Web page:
Historic patterns made with modern materials:
the waddles trace the lines of a baroque garden.
Seattle Center, Seattle, Washington
Coir and straw wattles, sixteen species of native plants, soil
1,200 linear feet x 12 inches tall (without plants)
Temporary project for The Next Fifty at the Seattle Center
Commissioned by the City of Seattle Office of Arts and Cultural Affairs
This temporary six-month installation mixes materials from the modern practices of restoration and erosion control with the layout of historic baroque gardens. Installed on the lawn of the Seattle Center in a pattern borrowed from Le Compte’s design for Versailles, Straw Garden is comprised of wattles: netted, cylindrical bundles of straw and coconut fiber planted with species of plants natural to this biome.
As the shrubs and perennials grow and bloom, the wattles prevent erosion. In one corner of the garden, wattles spool away, suggesting a watershed pattern scrolling out from the symmetrical beds.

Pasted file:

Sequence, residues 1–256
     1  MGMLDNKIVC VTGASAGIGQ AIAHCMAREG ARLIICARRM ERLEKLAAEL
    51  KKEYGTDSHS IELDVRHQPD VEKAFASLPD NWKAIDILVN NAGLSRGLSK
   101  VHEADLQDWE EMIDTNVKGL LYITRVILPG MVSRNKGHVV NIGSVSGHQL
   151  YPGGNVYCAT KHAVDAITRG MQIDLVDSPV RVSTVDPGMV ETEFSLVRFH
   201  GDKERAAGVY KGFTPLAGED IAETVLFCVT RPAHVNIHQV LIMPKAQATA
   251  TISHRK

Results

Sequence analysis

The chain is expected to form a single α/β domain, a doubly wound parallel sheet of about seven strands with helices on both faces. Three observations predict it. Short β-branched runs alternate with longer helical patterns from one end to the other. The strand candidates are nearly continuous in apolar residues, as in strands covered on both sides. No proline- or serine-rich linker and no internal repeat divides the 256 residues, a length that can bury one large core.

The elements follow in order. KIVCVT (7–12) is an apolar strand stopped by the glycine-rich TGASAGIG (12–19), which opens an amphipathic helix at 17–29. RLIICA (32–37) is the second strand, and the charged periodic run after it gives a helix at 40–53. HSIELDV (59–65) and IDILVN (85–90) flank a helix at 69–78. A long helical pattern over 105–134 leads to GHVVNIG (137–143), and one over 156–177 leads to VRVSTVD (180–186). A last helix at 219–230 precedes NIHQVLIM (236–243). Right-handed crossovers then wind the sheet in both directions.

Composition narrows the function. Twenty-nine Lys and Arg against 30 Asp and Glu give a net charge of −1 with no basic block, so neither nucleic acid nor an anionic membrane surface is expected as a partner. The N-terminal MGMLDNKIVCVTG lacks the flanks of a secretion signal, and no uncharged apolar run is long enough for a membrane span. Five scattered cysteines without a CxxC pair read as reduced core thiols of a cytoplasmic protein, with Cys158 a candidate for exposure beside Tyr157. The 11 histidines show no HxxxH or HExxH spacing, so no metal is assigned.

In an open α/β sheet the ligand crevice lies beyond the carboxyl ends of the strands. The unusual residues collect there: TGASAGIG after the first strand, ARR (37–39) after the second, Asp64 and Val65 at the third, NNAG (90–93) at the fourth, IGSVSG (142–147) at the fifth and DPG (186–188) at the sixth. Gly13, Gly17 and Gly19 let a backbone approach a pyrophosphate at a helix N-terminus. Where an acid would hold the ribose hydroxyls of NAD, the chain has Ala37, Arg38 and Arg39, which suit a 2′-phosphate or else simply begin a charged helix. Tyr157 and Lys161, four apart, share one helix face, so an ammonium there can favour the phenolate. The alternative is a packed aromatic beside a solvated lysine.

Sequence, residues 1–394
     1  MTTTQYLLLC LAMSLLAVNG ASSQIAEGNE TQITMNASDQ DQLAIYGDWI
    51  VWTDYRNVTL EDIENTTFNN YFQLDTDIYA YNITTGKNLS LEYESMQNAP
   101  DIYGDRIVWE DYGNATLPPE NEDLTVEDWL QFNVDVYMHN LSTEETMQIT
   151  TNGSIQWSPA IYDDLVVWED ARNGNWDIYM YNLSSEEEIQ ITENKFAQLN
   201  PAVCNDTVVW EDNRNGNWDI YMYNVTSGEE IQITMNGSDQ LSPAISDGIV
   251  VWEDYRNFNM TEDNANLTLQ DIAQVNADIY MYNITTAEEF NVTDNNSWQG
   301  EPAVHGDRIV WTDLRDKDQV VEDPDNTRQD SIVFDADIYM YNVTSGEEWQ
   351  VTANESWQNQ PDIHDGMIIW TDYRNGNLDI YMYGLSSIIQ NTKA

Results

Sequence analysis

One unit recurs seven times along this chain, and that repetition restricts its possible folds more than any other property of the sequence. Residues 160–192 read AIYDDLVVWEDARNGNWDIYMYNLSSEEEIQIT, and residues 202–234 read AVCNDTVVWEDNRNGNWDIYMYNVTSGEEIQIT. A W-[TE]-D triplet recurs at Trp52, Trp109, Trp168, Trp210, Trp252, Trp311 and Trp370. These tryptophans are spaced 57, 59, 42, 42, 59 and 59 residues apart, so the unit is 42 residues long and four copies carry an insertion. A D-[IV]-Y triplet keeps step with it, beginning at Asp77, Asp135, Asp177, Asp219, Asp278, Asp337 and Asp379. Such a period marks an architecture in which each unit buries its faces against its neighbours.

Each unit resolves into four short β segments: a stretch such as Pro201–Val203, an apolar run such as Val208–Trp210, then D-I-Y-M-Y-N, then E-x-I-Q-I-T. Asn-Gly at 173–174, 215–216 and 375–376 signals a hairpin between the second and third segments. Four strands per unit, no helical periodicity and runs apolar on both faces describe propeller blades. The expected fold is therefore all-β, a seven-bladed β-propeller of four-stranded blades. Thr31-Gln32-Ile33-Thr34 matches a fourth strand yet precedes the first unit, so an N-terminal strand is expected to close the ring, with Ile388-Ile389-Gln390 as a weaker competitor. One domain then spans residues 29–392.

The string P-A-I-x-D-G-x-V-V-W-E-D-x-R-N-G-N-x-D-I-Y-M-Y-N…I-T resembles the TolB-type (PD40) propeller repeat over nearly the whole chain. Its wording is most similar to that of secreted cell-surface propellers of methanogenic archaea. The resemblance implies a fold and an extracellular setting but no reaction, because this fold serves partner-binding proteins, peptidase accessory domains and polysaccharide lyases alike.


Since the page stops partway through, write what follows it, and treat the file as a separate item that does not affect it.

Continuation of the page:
Like a baroque parterre garden seen from the manor house and on foot, the artwork affords two views. Visitors can enjoy the garden from high above in the Space Needle and monorail.
Or the visitors can choose to walk by the Straw Garden on foot.
At the end of the show, the garden is divided up and taken to several community gardens and urban forests throughout the city. Each inch of planted waddles were adopted and given a permanent home, spreading nature seed stock throughout the city. These portable gardens become a permanent part of the urban landscape as the wattles biodegrade and the native plants root, thrive, and creating seed sources of native vegetation.